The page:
Should I stay or should I go? On the importance of aversive memories and the endogenous cannabinoid
Memory is not a simple box of souvenirs; it is also, and most importantly, a safety system for organisms. With the help of negative memories, known as "aversive" memories, we can avoid a threat that we have already confronted. Researchers from Inserm and University of Bordeaux have just discovered that the cannabinoid receptors of the brain control these memories that are crucial for survival. This study is published in Neuron.
When confronted by danger, every individual has to make a crucial choice. This type of "simple" decision may determine his/her destiny: if the fire alarm goes off, we have learned to heed it and flee, and not to ignore it. In the same way, we avoid food and drinks that might have made us sick in the past.
The body is thus equipped with neurological mechanisms that help it to adjust its behaviour in response to a stimulus. Such is the case with aversive memories, a key survival process, which prepares the body to avoid these potential dangers effectively. These memories are accompanied by physiological responses (fright and flight) that enable one to get away from a dangerous situation.
Although the role of the habenula, a central region of the brain, in this phenomenon has received a great deal of attention in recent years, the same is not true of the endogenous cannabinoid system of the habenular neurons, on which Giovanni Marsicano and his team (particularly Edgar Soria-Gomez) have focused. This system involves the type 1 cannabinoid receptors. These receptors, the activity of which is normally regulated by endocannabinoids - the body's own molecules - are the target of the main psychoactive components of cannabis.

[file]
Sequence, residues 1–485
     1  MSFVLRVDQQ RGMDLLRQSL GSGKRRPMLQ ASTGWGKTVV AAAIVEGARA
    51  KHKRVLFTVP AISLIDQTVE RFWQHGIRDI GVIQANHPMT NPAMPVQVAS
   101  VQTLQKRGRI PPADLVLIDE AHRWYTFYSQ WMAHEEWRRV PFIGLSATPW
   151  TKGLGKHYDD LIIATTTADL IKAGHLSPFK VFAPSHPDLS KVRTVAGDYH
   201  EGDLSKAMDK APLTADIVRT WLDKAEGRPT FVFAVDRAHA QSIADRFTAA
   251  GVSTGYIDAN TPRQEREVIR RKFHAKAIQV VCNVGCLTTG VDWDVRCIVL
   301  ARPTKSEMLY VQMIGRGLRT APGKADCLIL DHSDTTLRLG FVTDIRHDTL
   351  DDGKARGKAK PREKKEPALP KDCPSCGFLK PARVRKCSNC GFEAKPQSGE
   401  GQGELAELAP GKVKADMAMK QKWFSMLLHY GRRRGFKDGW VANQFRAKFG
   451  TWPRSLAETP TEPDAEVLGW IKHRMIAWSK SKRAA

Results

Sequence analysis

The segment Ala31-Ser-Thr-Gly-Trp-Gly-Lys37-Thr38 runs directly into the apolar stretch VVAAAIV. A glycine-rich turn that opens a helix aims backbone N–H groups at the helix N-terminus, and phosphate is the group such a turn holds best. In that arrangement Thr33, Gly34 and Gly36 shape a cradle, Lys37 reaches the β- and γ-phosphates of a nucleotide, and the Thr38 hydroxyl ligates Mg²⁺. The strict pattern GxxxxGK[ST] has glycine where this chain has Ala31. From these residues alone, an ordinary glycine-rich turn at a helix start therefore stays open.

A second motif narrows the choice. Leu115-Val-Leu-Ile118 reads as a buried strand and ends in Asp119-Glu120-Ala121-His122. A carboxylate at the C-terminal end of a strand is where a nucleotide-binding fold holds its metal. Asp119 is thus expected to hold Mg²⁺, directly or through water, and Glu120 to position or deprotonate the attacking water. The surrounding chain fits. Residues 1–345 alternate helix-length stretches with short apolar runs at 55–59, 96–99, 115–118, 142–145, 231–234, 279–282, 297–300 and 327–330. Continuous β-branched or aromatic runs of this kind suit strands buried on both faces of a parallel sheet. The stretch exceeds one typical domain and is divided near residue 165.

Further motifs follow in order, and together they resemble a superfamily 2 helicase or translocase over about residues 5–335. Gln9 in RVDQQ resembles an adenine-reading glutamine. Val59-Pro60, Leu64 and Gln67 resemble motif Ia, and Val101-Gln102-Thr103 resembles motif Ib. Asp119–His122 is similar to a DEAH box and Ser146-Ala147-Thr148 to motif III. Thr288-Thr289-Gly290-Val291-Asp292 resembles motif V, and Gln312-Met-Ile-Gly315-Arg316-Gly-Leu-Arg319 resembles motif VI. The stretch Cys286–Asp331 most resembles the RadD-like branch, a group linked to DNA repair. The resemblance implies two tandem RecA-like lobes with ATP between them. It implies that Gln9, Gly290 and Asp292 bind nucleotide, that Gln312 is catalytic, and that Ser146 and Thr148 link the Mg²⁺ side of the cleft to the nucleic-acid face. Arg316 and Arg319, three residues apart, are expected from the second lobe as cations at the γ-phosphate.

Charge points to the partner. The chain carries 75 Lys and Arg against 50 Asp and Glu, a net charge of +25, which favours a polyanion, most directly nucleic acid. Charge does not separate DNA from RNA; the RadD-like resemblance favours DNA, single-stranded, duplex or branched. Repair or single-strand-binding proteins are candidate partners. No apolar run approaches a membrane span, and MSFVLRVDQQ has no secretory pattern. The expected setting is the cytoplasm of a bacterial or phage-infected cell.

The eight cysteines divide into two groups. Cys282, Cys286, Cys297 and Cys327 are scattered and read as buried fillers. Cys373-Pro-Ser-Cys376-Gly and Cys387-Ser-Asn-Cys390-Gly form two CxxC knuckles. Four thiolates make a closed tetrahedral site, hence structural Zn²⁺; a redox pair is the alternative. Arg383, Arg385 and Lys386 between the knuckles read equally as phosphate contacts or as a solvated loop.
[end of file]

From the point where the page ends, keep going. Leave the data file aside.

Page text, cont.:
The researchers conditioned mice so that they reacted to certain danger signals (sounds or smells). When they exposed them to these signals, mice that were deficient in cannabinoid receptors in the habenula expressed neither the fear nor the repulsion observed in normal mice. Interestingly, this impaired reaction did not apply to neutral or positive memories, which remained unchanged in these mice.
At molecular level, the scientists observed that, although the functioning of the habenula normally involves two molecules (acetylcholine and glutamate), the defect observed in these mice is caused by an imbalance in neurotransmission involving only acetylcholine.
"These results demonstrate that the endogenous cannabinoid system in the habenula exclusively controls the expression of aversive memories, without influencing neutral or positive memories, and does so by selectively modulating acetylcholine in the neural circuits involved," explains Giovanni Marsicano, Inserm Research Director.
The control of these particular memories is an integral part of diseases associated with the emotional process, such as depression, anxiety or drug addiction. As a consequence, the endogenous cannabinoid system of the habenula might represent a new therapeutic target in the management of these conditions.